An international collaboration led by clinical researchers at the Wellcome Trust Sanger Institute has shown proof-of-concept that truly personalized therapy will be possible in the future for people with cancer. Details of how a knowledge bank could be used to find the best treatment option for people with acute myeloid leukaemia (AML) were published online on January 16, 2017 in Nature Genetics. The article is titled “Precision Oncology for Acute Myeloid Leukemia Using a Knowledge Bank Approach.” AML is an aggressive blood cancer that develops in bone marrow cells. Earlier this year, the team reported that there are eleven types of AML, each with distinct genetic features. Now they report how a patient's individual genetic details can be incorporated into predicting the outcome and treatment choice for that patient. The scientists built a knowledge bank using data from 1,540 patients with AML who participated in clinical trials in Germany and Austria, combining information on genetic features, treatment schedule, and outcome for each person. From this, the team developed a tool that shows how the experience captured in the knowledge bank could be used to provide personalized information about the best treatment options for a new patient. There are two major treatment options for young patients with AML - a stem cell transplant or chemotherapy. Stem cell transplants cure more patients overall, but up to one in four people die from complications of the transplant and a further one in four experience long-term side effects. Weighing up the benefits of better cure rates with transplant against the risks of worse early mortality is a harrowing decision for patients and their clinicians. The team showed that these benefits and risks could be accurately calculated for an individual patient, enabling therapeutic choices to become personalized.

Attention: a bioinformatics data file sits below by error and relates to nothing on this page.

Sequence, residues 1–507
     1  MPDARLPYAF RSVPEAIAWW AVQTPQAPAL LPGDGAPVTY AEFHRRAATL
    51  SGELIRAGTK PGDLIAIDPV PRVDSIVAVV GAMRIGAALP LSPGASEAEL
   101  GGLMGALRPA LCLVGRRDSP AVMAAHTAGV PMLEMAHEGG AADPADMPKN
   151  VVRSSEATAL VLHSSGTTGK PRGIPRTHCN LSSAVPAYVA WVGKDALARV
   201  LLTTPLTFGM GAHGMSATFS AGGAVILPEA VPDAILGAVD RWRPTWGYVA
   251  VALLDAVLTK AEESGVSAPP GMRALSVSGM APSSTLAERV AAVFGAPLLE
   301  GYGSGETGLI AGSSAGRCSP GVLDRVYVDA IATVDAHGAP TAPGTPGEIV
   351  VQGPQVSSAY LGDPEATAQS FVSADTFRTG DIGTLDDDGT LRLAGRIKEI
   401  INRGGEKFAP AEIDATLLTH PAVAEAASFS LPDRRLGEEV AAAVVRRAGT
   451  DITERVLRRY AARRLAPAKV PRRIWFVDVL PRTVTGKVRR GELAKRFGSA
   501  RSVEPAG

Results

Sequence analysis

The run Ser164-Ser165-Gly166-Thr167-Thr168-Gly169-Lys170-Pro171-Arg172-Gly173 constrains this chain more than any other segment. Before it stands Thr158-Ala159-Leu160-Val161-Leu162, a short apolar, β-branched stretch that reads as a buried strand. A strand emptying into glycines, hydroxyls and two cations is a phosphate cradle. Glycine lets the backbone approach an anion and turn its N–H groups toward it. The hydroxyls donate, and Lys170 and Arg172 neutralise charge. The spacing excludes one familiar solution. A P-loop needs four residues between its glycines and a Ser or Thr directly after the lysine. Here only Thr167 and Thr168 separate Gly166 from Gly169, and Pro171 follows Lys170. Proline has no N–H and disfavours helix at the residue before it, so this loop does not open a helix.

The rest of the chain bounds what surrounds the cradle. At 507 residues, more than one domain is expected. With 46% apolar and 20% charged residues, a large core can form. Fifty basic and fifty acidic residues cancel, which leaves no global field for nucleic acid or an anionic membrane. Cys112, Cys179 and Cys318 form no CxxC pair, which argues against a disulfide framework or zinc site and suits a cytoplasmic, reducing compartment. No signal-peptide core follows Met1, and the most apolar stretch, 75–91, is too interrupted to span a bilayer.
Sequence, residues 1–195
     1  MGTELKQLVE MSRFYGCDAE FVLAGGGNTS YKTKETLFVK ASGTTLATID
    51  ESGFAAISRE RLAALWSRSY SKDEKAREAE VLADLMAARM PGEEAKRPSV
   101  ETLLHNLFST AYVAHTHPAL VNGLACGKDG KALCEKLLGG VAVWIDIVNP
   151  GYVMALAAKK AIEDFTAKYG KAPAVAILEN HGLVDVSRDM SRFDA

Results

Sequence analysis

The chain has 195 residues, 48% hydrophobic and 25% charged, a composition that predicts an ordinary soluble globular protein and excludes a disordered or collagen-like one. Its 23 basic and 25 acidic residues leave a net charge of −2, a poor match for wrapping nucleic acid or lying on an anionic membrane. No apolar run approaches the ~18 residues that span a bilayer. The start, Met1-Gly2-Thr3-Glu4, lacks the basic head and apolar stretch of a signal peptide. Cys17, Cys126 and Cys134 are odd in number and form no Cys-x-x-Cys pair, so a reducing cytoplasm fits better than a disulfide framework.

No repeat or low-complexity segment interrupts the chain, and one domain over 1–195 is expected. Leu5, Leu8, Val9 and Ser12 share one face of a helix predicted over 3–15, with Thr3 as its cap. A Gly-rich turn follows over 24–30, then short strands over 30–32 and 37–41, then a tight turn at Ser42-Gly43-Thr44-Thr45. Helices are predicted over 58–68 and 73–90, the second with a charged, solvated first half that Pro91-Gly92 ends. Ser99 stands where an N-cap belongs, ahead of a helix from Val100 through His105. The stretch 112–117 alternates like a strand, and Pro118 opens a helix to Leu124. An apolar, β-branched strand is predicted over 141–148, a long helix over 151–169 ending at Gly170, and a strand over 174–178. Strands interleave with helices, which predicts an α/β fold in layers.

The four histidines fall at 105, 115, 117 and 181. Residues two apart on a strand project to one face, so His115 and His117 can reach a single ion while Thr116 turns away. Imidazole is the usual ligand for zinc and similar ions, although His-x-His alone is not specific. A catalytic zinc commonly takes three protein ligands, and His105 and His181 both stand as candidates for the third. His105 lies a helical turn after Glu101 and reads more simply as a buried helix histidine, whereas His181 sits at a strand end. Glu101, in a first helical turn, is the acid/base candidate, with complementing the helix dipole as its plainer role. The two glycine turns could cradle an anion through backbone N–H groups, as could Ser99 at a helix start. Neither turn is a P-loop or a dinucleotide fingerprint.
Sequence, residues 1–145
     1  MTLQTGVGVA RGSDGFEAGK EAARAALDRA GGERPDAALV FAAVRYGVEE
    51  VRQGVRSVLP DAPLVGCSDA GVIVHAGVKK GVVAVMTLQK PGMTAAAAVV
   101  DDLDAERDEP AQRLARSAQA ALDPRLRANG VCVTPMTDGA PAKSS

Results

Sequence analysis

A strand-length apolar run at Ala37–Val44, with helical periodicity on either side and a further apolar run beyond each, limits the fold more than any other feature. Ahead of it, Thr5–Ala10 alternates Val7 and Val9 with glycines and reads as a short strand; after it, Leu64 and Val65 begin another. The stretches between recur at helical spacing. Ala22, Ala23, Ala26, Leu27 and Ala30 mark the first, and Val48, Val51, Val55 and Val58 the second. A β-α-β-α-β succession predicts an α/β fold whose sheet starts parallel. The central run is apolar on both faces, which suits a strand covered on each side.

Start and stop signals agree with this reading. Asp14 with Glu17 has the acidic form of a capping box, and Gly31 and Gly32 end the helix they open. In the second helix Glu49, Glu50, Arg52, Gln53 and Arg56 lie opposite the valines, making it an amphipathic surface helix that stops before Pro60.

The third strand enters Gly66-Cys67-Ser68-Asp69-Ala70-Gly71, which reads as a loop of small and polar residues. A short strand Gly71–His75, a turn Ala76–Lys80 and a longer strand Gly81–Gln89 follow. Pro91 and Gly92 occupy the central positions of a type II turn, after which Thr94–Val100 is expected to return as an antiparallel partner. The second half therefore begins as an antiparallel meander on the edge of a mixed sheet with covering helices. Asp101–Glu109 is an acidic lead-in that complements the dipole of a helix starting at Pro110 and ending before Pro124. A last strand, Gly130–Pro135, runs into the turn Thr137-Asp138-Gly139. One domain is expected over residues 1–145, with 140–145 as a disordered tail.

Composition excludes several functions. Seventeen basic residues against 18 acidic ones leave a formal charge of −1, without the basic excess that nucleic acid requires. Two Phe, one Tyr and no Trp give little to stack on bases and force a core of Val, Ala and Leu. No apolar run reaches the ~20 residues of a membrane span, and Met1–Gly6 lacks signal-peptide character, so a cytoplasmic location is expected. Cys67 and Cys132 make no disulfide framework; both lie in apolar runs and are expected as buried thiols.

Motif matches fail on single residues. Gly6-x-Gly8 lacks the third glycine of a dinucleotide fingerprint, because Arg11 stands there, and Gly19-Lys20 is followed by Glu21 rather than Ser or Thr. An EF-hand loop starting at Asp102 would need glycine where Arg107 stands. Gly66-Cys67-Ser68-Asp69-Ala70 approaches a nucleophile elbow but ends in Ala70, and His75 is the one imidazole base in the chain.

Genetically Altered Rabies Viruses Reveal Wiring in Transparent Mouse Brains; Viral Tool for Assessing Connectivity of Cell Transplants

Scientists under the leadership of the University of Bonn have harnessed rabies viruses for assessing the connectivity of nerve cell transplants: coupled with a green fluorescent protein, the viruses show where replacement cells engrafted into mouse brains have connected to the host neural network. A clearing procedure which turns the brain into a “glass-like state” and light sheet fluorescence microscopy are used to visualize host-graft connections in a whole-brain preparation. The approach opens exciting prospects for predicting and optimizing the ability of neural transplants to functionally integrate into a host nervous system. The results were published online on January 19, 2017 in Nature Communications. The open-access article is titled “Whole-Brain 3D Mapping of Human Neural Transplant Innervation.” Many diseases and injuries result in a loss of nerve cells. Scientists are working on tackling this challenge by transplanting neurons. In Parkinson’s disease, for instance, this is attempted with implanted dopamine-producing nerve cells. The key question for such techniques is whether the implanted cells actually connect with the existing neural network of the host brain and thus compensate the functional loss. “Previous methods only provided an incomplete or very small-scale insight into the functional integration of implanted neurons in the brain,” says Professor Oliver Brüstle from the Institute of Reconstructive Neurobiology at the University of Bonn and LIFE & BRAIN GmbH.